History of Boulston Manor
The Boulston Manor Estate has a significant historical background to the area. It was acquired in the 15th Century by the Picton branch of the once all-powerful Wogan family and remained with the family until the late 18th Century, when the Acklands became ‘Lords of the Manor’.
The current Manor house looks down across gently sloping parkland onto the Cleddau Estuary, which was once a much-frequented highway. The ruins of Boulston Church, once the private mausoleum of the Wogan family, lie on the rivers edge and are obscured by trees and bushes which have grown over and into the ruins. In and around the Church are fragments of dressed stones and broken memorial tablets testifying to the long departed glories of the Wogan family. There is one slab, which is richly carved with the crest and coat of arms of the Wogan’s. A tiny child effigy has been removed for safe keeping to a nearby Uzmaston Church. The Church has many features that commend it to public interest, but its chief distinction unknown to most people is that it is one of only two Parish Churches and churchyards in the country privately owned. The Church was rebuilt by Robert Innes Ackland in 1843, but since then it has gone into decay.
Downstream from the Church are the ruins of Old Boulston Manor (Old Hall), although not much of the great building is left it is still possible to make out the 6ft thick walls and here and there ragged openings lead down into the dark cellar of the original Medieval Hall. In the 16th Century two multi-storey towers were added at either end of the hall and a series of walled courtyards and water gardens were built by Robert Innes Ackland in 1843, but since then it has gone into decay.
Boulston Manor is situated about 3 miles from Haverfordwest and is situated in mid Pembrokeshire, known as Little England beyond Wales. The approach from the town is a pretty route alongside the estuary, which becomes more wooded as the Manor gets nearer. The drive is lined with Rhododendrons, until it opens up in front of the Manor with its parkland and the estuary beyond.
The market and County town of Haverfordwest offers all the necessary everyday facilities. Pedestrians in certain places it has the latest high street shops, department stores, supermarkets, banks and building societies. There is also an extensive range of restaurants and hotels, a farmers market and an organic shop in the area.
The property benefits from an excellent range of communications with the rest of the country. Transport in the region caters for all needs; Most roads in mid Pembrokeshire lead to Haverfordwest and with the M4 only 30 miles away means that there is quick and easy access to the area. Rail services run from Haverfordwest to a number of major cities throughout Britain such as London Paddington and Swansea, as well as the smaller towns. Bus services include the National express service from Cardiff to Haverfordwest in less than 4 hours (change at Swansea) and the West Wales Rover Ticket (as many busses as you like in one day). Ferry services to Ireland from Fishguard to Rossalare are limited in early spring. However from May to September there are regular crossings using either the Super Ferry, which takes about 3hrs 30 mins, or the Stenaline Lynx-111. in about 1hr 50 mins.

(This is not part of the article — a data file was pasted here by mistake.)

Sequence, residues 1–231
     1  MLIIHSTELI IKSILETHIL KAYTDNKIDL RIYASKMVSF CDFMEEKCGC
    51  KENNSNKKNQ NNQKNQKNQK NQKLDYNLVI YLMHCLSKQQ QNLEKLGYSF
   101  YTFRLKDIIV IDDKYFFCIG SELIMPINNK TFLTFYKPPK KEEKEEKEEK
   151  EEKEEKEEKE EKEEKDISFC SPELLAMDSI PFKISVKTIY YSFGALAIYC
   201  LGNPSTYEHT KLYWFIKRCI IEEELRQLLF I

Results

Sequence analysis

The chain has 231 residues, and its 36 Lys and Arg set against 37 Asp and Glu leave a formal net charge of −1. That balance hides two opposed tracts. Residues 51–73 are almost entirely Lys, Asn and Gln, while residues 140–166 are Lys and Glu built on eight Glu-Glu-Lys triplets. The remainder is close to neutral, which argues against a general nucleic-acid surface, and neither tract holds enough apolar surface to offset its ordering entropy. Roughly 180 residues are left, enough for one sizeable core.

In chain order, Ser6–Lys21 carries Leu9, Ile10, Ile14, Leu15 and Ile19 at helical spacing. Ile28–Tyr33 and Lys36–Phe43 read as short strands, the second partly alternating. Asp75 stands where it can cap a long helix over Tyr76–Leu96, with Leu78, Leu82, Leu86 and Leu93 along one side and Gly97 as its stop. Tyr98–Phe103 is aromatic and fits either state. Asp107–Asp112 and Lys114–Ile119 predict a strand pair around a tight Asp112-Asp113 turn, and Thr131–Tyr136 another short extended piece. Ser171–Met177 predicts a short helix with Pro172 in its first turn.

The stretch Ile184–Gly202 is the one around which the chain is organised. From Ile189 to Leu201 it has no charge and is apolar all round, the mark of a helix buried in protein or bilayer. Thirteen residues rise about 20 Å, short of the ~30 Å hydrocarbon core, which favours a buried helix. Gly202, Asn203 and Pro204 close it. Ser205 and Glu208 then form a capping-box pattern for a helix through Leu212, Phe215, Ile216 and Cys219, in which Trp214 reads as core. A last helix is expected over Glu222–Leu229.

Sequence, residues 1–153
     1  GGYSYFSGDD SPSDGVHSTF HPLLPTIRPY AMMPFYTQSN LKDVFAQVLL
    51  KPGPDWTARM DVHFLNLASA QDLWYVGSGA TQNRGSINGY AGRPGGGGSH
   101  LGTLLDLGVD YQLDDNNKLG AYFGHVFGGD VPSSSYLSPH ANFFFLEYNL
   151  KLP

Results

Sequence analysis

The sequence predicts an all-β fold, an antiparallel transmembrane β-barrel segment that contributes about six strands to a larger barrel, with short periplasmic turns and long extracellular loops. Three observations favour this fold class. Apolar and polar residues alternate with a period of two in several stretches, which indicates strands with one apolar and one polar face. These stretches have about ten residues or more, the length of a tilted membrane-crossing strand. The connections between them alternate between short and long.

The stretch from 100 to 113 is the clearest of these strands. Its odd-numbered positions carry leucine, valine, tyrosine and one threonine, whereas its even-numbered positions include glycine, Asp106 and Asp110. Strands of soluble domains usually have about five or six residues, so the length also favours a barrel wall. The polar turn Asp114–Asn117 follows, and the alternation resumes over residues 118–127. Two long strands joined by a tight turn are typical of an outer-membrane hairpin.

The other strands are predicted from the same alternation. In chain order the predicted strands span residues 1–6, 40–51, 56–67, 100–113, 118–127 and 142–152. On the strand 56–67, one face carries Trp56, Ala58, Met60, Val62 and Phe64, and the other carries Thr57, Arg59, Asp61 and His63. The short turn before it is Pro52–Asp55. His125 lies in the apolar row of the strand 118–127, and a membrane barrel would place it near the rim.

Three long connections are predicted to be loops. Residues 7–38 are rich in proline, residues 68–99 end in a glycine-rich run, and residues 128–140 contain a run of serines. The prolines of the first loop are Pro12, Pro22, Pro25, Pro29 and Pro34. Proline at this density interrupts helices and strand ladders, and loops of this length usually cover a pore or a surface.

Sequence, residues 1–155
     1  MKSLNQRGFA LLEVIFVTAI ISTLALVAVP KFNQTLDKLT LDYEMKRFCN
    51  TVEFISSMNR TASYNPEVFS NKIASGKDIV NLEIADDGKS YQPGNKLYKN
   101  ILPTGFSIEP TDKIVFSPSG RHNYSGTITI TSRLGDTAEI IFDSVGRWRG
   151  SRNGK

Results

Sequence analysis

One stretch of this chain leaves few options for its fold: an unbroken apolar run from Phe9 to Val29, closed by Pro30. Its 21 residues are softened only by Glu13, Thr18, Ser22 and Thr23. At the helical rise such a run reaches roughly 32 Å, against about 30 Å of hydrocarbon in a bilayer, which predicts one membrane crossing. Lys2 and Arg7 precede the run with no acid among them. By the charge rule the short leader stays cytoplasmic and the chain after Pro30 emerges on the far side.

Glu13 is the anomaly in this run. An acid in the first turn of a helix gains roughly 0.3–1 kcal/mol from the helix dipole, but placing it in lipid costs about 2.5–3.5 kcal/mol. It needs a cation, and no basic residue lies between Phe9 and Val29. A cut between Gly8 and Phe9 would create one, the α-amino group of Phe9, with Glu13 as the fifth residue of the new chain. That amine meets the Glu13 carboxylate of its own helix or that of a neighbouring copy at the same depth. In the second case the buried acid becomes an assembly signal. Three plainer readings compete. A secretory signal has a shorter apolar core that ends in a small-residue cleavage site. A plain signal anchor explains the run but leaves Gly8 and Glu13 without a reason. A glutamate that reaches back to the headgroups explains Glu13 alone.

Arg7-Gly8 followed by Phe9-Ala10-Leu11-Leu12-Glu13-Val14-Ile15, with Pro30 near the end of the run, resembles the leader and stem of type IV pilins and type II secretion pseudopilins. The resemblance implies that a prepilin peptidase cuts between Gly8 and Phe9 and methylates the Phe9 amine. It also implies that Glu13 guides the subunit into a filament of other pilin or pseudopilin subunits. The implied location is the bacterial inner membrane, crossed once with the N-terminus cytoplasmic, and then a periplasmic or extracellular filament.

Mid Pembrokeshire offers a wide range of historical attractions such as Picton Castle built in the 13th Century by Sir John Wogan, with its 40 acres of walled gardens, woodlands and Nursery, which is now owned and run by Picton Castle Trust. Pembroke Castle was the birthplace of Henry VII and is one of the most spectacular fortresses in Wales. St David’s Cathedral built in the 9th Century on site of St David’s 6th Century monastery has a rich Celtic Legacy and is one of the most breathtaking buildings in the region.
The Pembrokeshire Coastal Path (229KM) runs through Britain’s only Coastal National Park. The park encompasses Skomer and Skokholm Islands, which has the world’s largest colony of Manx Shearwaters. Grasshom has the fourth largest Gannet colony in the N. Atlantic and Ramsey Island is famed fro Grey Seals, Dolphins, and Porpoises along with Whales and Basking Sharks. There is a rich diversity of bird life in the park, ranging from Puffins, Cormorants, and Choughs to Peregrine Falcons, Razorbills and Oystercatchers, as well as thousands of migrant birds. Also along the coast are 50 beaches, 31 of which are seaside award holders, such as St Brides Bay on of Britain’s most attractive beaches. The sailing at Solva and windsurfing at Dale is extremely popular, along the coast steering, rock climbing, jet skiing, kayaking, diving and snorkelling.